George Evelyn Hutchinson was born in Cambridge, England, on January 30, 1903. His father, Arthur Hutchinson, was a mineralogist and master of Pembroke College at Cambridge University. Hutchinson's early education was at St. Faith's School, Cambridge, and Gresham's School, Holt. He demonstrated an early interest in natural history, particularly butterflies and aquatic insects, and published his first piece of scholarship when he was fifteen.

Hutchinson was a member of Emmanuel College as an undergraduate and received a B.A. from Cambridge University in 1924. After graduation he spent a year as a Rockefeller Fellow at the Stazione Zoologica in Naples where he studied octopus, squid, and other deep sea animals of Messina but also became fascinated with folklore and art. In 1926 Hutchinson accepted his first academic job as a senior lecturer in zoology at the University of the Witwatersrand in South Africa, where he began his studies of the physical, biological, chemical, and meteorological conditions of lakes of the western Transvaal. In 1928, he married Grace Pickford.

In that same year, Hutchinson made his final career move, joining the faculty of Yale University as an instructor. He rose to become Sterling Professor of Zoology, a post he held until his retirement in 1971. In 1932, Hutchinson was given the opportunity to study the ecosystems of the lakes on the high plateaus of Tibet, as the biologist accompanying the Yale North India Expedition. Hutchinson chronicled his impressions and experiences in The Clear Mirror (1936). On the return trip from India, he met Margaret Seal, who became his second wife in 1933.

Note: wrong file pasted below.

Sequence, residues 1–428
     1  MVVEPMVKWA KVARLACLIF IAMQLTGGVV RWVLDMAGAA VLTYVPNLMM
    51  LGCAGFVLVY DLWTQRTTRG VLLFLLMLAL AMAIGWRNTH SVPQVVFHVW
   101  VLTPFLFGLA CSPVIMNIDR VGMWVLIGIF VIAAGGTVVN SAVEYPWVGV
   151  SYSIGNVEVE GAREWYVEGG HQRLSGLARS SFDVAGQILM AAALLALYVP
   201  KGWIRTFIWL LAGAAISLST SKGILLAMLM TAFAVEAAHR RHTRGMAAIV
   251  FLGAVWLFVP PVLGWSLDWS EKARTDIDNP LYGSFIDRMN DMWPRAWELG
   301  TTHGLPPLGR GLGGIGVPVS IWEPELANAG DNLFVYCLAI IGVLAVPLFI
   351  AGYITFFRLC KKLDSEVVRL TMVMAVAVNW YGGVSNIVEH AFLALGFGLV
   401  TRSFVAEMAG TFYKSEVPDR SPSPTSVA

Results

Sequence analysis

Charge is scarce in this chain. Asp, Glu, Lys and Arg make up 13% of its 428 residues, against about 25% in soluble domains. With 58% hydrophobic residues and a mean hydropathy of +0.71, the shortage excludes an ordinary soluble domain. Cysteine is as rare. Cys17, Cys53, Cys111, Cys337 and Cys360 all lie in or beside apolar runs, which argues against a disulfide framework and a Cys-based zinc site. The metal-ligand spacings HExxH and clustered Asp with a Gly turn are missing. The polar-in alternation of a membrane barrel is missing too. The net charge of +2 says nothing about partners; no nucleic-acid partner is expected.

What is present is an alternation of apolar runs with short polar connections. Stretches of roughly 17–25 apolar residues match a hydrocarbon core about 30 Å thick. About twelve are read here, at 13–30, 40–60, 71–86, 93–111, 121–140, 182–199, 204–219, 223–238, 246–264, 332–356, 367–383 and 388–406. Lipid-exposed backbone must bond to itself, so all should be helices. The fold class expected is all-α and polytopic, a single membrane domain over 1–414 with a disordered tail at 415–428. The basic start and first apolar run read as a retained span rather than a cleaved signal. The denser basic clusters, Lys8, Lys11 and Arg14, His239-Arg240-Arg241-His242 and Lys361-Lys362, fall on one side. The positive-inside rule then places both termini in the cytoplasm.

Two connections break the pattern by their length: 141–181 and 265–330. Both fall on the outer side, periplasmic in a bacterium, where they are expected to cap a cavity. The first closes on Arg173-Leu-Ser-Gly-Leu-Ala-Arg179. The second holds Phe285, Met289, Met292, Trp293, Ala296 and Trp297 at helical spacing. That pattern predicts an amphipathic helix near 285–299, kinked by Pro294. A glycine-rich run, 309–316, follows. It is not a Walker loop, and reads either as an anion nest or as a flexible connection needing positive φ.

Hutchinson is best known for his work in limnology, the study of freshwaters, particularly lakes. Early on he recognized the significance of ecology, and much of his research and writing dealt with the relationship between living organisms and their environment. He was particularly interested in the determining influence of the physical and chemical environment on the ecology of rivers and lakes. In 1935, he demonstrated the importance of horizontal movements of water in stratified lakes in mixing the upper and lower layers of water. In other studies he showed the circulation of phosphorous in stratified lakes and conducted research on the chemistry of lake sediments. In 1957, he published the first volume of his A Treatise on Limnology, a work of such extensive and thorough analysis that it comprised four volumes, the last of which was released posthumously.